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Front. Educ., 16 November 2023
Sec. Digital Learning Innovations
Volume 8 - 2023 |

Editorial: Evidence-based technological monitoring tools and interventions to manage behavioural difficulties at school

  • 1Istituto per le Tecnologie Didattiche, Consiglio Nazionale delle Ricerche, Palermo, Italy
  • 2Department of Education and Human Services, Lehigh University, Bethlehem, PA, United States

In order to optimize student educational outcomes, teachers must consistently promote the social, emotional, and behavioral functioning of their students. Unfortunately, some students exhibit behavioral challenges that negatively affect learning for them and their fellow students, thereby negatively impacting the classroom climate. Increasing the impact of these challenges, interruptions to in-person schooling that occurred during the COVID-19 pandemic likely exacerbated student social, emotional, and behavioral challenges due to extended social isolation, changes in instructional modalities, and stress related to health concerns. An established strategy to address student social, emotional, and behavioral challenges is for teachers to systematically monitor student behavior, plan interventions that target key challenges, gather data to assess intervention effectiveness, and use data to make informed intervention decisions.

The articles included in this Research Topic report results from empirical investigations that involved leveraging information and communication technologies to monitor student behavior and deliver interventions that can improve student educational, social, and behavioral outcomes. In our lead article, Owens et al. evaluated teacher adoption, adaptation, and implementation of a daily report card intervention supported by an online platform. They demonstrate the use of technology as a promising way to assist elementary school teachers in implementing Tier 2 interventions for challenging student behavior. In particular, their study highlights the potential of technology-based support, specifically the Daily Report Card Online (DRCO) Platform, a web application designed to support teachers in adopting and implementing daily report card (DRC) interventions to address challenging student behaviors. This platform provides professional development resources, guided workflows, decision-making tools, and real-time progress monitoring. Owens et al. describe findings related to teacher adoption and implementation of DRCO, choice of target behaviors, use of evidence-based practices, intervention effectiveness, and impact on student outcomes. The authors recommend future investigations with larger samples to guide development of additional technology-based tools like the DRCO in order to enhance personalization of management strategies and ultimately optimize engagement for both students and teachers.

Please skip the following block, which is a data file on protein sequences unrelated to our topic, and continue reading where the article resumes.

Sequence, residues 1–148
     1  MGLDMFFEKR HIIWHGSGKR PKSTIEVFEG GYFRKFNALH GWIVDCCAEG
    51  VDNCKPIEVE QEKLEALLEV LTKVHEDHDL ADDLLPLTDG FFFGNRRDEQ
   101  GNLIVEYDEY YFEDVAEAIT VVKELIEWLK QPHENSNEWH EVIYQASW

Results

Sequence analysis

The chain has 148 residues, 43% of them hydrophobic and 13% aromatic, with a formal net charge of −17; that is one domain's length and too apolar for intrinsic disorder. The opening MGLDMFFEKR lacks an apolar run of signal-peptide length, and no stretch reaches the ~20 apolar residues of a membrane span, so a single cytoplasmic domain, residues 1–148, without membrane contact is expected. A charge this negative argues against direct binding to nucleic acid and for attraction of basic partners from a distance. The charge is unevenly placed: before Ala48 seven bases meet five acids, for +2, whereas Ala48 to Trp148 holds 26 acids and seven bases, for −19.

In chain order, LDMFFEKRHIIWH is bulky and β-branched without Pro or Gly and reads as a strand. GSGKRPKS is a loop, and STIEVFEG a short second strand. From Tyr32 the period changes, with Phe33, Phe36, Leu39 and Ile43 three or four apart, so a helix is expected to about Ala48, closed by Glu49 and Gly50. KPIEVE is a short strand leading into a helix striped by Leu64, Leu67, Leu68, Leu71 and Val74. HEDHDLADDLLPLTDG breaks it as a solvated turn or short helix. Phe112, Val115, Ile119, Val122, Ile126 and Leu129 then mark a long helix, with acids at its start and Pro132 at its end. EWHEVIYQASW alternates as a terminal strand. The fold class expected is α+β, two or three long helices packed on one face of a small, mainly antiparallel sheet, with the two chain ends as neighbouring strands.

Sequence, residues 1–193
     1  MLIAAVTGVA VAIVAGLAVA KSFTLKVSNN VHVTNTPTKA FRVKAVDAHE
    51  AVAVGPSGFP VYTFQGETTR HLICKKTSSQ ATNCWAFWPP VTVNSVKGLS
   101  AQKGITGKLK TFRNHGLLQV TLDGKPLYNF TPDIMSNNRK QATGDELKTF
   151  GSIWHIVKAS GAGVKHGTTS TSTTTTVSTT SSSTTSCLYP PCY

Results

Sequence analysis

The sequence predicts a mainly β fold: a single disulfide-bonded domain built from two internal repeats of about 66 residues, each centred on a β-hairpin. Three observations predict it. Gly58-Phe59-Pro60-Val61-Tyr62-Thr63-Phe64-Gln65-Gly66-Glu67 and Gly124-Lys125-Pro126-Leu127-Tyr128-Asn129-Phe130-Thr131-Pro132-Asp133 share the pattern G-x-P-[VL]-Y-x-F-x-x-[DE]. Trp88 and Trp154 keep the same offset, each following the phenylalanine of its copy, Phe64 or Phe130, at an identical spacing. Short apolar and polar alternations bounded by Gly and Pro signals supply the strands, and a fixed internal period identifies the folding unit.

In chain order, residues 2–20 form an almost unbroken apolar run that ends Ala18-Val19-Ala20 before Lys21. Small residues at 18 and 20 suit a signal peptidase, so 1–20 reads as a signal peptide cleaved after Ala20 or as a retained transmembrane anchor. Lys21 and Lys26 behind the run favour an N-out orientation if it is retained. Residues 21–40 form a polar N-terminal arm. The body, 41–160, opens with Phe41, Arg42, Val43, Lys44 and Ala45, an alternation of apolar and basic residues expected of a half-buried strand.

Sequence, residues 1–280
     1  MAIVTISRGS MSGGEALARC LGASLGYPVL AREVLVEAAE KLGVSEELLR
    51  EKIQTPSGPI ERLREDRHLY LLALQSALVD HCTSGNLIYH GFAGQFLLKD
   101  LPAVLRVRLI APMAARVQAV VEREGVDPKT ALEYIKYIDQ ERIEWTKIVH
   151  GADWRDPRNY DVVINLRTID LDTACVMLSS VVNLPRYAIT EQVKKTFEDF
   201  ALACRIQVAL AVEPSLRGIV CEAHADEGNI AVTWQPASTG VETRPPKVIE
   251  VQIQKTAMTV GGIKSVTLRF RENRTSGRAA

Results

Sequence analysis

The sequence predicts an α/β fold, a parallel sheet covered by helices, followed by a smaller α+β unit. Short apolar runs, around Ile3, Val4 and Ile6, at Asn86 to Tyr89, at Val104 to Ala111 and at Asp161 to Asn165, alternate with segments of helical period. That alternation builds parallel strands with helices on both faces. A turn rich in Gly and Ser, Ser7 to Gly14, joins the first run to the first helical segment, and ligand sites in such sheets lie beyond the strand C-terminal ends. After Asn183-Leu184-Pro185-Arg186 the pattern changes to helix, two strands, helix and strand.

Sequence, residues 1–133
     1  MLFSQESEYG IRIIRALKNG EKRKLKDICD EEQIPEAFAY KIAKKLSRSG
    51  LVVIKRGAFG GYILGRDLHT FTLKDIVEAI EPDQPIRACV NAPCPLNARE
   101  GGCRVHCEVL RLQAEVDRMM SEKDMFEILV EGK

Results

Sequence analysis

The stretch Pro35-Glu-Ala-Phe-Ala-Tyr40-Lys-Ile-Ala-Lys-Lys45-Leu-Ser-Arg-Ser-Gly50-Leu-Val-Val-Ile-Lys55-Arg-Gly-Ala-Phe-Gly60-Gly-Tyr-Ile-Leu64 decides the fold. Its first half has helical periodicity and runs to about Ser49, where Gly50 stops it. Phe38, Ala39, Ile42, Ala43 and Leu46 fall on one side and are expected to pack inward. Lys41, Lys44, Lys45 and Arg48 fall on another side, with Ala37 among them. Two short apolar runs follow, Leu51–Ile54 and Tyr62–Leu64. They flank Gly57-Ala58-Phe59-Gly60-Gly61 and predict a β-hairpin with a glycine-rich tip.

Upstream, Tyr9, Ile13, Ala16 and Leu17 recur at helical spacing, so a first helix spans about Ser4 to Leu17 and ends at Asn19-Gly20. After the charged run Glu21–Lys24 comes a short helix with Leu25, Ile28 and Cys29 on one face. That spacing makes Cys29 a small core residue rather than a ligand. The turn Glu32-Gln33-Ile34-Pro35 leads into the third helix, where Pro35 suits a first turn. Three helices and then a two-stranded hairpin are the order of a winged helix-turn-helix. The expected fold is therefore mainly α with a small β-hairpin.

The second article by Sanches-Ferreira et al. assessed the impact of an online peer tutoring intervention on the reading skills of elementary school students (2nd and 4th graders). The combined intervention significantly improved students' reading abilities, as evidenced by their progress in reading fluency and accuracy. This study highlights the importance of peer tutoring in increasing reading practice, especially during challenging times like the COVID-19 pandemic, where digital tools played a crucial role in intervention delivery. Their findings indicated that online peer tutoring was particularly beneficial for students with lower reading performance. Moreover, gender did not significantly affect the gains in reading skills, emphasizing the intervention's potentially universal benefits. Nevertheless, the study had limitations (e.g., small sample size), thus necessitating further replication and long-term follow-up. Despite these limitations, this study underscores the positive impact of online peer tutoring in enhancing students' reading abilities, contributing to ongoing development of effective reading promotion strategies in early education.